Unlike the highly polymorphic MHC proteins, monomorphic molecules such as MR1, CD1d, and CD1b present Ags to T cells with species-wide TCR motifs. Previous CD1b tetramer studies identified a TCR motif in humans defined by the TCR β-chain variable gene 4-1 (TRBV4-1), which showed a low affinity binding to its antigenic target, as well as a less stringent TCR sequence conservation. In this Top Read, Reinink et al. (p. 3395) used CD1b tetramers with defined, but chemically diverse lipid Ags to demonstrate a connection between CD1b recognition and TRBV4-1 expression, thereby demonstrating a broad relationship between a TCR V region and its protein target. Crystal structures of two CD1b-specific TRBV4-1+ TCRs showed that germline-encoded residues in the CDR1 and CDR3 regions of TRBV4-1 represent sequences that interact with each other and consolidate the surface of the TCR. Mutational studies identified key positively charged residues within the TRBV4-1 TCR and key negatively charged residues in CD1b that are shared with CD1c, also recognized by TRBV4-1 TCRs. These data demonstrate that one TCR V region can mediate recognition of two related monomorphic Ag-presenting molecules independent of a defined lipid Ag.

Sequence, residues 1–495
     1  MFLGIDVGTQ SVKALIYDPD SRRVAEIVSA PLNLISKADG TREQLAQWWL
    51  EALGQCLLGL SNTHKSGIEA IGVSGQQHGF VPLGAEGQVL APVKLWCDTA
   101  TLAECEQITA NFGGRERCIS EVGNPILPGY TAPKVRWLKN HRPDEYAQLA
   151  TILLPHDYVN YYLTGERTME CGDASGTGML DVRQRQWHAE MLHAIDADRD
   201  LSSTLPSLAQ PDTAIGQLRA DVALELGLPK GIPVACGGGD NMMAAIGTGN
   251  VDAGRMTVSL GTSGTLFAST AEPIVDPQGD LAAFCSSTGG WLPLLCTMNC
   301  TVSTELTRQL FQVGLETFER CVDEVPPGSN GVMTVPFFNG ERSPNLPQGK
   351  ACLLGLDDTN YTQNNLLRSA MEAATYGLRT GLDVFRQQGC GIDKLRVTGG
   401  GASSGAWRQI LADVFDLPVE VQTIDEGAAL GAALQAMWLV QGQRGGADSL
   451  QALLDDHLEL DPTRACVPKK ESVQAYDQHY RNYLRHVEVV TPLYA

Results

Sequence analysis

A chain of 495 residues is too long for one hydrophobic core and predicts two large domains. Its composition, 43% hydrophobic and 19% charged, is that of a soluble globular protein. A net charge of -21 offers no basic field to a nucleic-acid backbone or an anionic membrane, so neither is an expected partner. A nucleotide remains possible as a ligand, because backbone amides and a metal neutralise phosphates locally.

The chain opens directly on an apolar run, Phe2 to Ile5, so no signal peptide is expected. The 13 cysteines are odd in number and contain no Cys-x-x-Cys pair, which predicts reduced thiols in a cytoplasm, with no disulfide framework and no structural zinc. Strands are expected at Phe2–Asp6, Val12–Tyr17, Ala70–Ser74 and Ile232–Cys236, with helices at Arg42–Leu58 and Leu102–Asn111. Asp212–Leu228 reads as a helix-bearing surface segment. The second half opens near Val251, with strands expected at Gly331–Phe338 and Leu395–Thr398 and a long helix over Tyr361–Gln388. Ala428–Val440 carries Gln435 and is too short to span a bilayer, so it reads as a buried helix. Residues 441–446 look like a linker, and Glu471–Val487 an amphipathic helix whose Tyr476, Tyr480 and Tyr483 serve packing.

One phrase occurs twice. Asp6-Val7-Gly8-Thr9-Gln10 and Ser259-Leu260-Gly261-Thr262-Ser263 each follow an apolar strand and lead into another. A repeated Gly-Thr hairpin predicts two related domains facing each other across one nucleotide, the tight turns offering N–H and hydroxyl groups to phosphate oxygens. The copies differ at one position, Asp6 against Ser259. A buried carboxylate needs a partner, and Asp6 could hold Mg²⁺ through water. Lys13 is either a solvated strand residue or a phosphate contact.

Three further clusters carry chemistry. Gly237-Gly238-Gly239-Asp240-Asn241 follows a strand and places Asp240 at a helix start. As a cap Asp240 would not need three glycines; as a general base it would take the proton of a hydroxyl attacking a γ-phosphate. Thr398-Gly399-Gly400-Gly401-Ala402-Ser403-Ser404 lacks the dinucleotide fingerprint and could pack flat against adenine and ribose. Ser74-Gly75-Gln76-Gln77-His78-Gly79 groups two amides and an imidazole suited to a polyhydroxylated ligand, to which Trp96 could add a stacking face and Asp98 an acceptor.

In mice, the ability of naive T (TN) cells to respond to exogenous Ags correlates with the level of cross-reactivity against self-derived Ags, which can be quantified via the surrogate marker CD5. Accordingly, functional heterogeneity in murine CD8+ TN has also been identified by levels of CD5. In this Top Read, De Simone et al. (p. 3179) sought to determine if heterogeneity exists in human CD8+ TN cells. The authors identified two discrete populations of human CD8+ TN cells defined by the presence or absence of the chemokine receptor CXCR3. CXCR3+ TN cells displayed an effector-like transcriptional profile and expressed TCRs with physiochemical characteristics indicative of enhanced interactions with peptide–HLA class I Ags. These cells also frequently produced IL-2 and TNF in response to nonspecific activation and differentiated into Ag-specific effector cells in vitro. Further analysis of CXCR3+ TN cells showed that they were transcriptionally equivalent to murine CXCR3+ TN cells, which expressed high levels of CD5. Therefore, these findings demonstrate that humans harbor two distinct populations of CD8+ TN cells, supporting the hypothesis that T cell effector differentiation is shaped by heterogeneity in the preimmune repertoire of human CD8+ T cells.